LUSU elections are not normal. Any normal election would see candidates standing on a shared policy platform, united by their common beliefs. Instead, LUSU sabbatical officer elections are highly individualistic and incredibly vapid, focusing on candidates' likeness to flying insects or vague pledges to 'improve mental health' rather than a programme of change for the institution that is so loathed by students.
Historically, nothing has stopped students from standing as part of a team. But when recent outcry over the Sugarhouse Scandal led to greater interaction with LUSU's (remaining) democratic structures than has been seen for some years, Vice President (Union Development) Hannah Prydderch has seemingly taken the decision to ban slates from contesting elections.
Experienced candidates were surprised to see a set of 'Additional Rules' emailed out to them prior to the Week 8 elections, among which was one banning teamwork, aka slates. Candidates running for different positions are prohibited from campaigning on a shared platform, even though that's the norm in many students' unions across the country. These 'Additional Rules' didn't exist in prior LUSU elections, so where did they come from?
Ms Prydderch has claimed that 'the rule prohibiting slates originated several years ago', and is not a new decision of the Democracy Committee. This is not backed up by the facts: none of the election rules from 2016 to 2019 (all available on the LUSU website) include the 'Additional Rules', or any mention of slates.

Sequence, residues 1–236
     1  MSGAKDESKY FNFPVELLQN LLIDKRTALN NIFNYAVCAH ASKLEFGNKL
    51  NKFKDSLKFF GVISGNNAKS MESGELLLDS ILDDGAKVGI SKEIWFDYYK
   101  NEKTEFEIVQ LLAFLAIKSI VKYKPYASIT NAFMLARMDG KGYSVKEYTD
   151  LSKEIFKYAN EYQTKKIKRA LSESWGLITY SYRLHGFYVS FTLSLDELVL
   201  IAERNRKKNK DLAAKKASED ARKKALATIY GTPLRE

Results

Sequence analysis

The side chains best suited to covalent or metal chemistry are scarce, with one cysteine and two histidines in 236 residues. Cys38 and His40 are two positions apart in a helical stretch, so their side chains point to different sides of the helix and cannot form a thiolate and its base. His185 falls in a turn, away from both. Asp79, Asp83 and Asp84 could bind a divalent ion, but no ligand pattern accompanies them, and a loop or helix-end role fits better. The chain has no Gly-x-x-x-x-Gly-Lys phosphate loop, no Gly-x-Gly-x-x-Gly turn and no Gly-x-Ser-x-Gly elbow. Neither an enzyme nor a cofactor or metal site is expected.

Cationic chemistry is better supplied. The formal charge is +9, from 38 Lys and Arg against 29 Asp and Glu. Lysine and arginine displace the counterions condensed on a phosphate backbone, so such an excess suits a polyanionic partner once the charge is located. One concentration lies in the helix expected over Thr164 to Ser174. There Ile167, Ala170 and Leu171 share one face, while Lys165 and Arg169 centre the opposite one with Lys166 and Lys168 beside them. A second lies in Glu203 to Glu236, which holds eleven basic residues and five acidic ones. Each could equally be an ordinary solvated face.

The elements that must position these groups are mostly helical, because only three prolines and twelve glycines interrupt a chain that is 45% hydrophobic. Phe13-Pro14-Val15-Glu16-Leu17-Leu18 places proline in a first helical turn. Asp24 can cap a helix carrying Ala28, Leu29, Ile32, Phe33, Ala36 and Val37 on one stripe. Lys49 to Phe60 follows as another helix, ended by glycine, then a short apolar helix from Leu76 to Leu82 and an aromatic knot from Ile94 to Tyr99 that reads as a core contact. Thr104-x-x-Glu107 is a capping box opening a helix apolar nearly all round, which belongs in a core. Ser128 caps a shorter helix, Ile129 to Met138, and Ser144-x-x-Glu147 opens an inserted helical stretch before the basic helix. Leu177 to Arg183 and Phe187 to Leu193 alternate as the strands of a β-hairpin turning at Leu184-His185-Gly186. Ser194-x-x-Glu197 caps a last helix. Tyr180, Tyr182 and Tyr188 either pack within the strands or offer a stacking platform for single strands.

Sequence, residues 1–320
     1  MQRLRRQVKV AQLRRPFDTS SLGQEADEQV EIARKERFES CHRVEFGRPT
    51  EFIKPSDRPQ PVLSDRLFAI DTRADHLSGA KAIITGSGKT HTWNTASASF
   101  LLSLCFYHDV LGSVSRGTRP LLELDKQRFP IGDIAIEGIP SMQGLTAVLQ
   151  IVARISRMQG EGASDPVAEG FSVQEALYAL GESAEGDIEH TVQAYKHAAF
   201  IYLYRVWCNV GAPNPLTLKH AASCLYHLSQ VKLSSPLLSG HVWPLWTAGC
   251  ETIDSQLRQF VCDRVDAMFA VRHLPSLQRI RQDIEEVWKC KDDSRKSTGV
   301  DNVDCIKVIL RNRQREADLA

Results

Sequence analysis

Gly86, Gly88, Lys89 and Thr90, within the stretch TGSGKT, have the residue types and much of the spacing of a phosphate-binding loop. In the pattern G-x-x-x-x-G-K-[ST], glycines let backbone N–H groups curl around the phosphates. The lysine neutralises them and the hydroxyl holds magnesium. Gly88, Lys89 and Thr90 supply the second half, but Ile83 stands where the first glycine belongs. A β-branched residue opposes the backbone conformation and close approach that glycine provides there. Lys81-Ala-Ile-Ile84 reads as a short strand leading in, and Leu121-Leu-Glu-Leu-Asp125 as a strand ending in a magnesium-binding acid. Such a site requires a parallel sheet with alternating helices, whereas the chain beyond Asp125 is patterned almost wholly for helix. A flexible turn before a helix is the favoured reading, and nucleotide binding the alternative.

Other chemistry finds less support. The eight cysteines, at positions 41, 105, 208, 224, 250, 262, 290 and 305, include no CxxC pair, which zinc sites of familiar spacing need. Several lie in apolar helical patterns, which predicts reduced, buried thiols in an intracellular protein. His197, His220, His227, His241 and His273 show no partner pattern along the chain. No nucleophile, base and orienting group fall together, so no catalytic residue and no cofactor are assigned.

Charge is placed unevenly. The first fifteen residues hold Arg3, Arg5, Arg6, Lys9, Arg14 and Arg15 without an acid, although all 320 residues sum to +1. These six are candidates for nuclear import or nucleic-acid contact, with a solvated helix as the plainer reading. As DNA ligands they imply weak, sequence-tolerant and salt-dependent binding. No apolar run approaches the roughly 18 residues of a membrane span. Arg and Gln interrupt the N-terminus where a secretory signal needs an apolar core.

According to LUSU's Democracy bye-law, the election rules are approved annually by the Trustee Board. This makes sense, as there is a legal requirement under the Education Act 1994 that students' union elections 'are fairly and properly conducted'. These election rules are only to be submitted to the Trustee Board following consultation with LUSU's Democracy Committee.
The Democracy Committee is led by Ms Prydderch and consists of a representative from each JCR, typically the democracy officer. As well as signing off on the election rules, the committee was also responsible for setting the recent campus referendum questions that were criticised for being poorly-worded. The decisions of this committee are not made public, its membership is not published, and most egregiously of all, minutes are not made, nevermind not released.
The Democracy bye-law itself, it turns out, is rather ironically named. Its header states it was approved by the LUSU Executive Committee on 26th October 2018, but the minutes of that meeting show that the bye-law was never even mentioned. The meeting was also inquorate, so anything that needed action was taken to a 'digital resolution', which presumably means it was approved over email, if at all. There is no public record of the bye-law ever receiving any such approval.
This is a prime example of the state of 'democracy' in LUSU, which students railed against during the AGM. Although no Trustee Board minutes have been published since August 2019, the existing minutes on the website bear no mention of election rules ever being discussed or approved. If rules are not being brought to the Trustee Board annually for approval, they are in violation of their own bye-law.
How can the authorities be satisfied that the elections are being conducted 'fairly and properly' if the bye-law governing how election rules are drawn up is not being followed? Spineless awaits an answer from LUSU eagerly.
Editors' Note: Some incredible sleuthing by the Spineless staff after a note by a former LUSU sabb candidate has discovered that a document called the Elections bye-law (no longer a LUSU bye-law), approved on 15th May 2014 by LUSU Council, expressly banned slates. The bye-law, the body that approved it, and any evidence of this approval has been scrubbed from the LUSU website.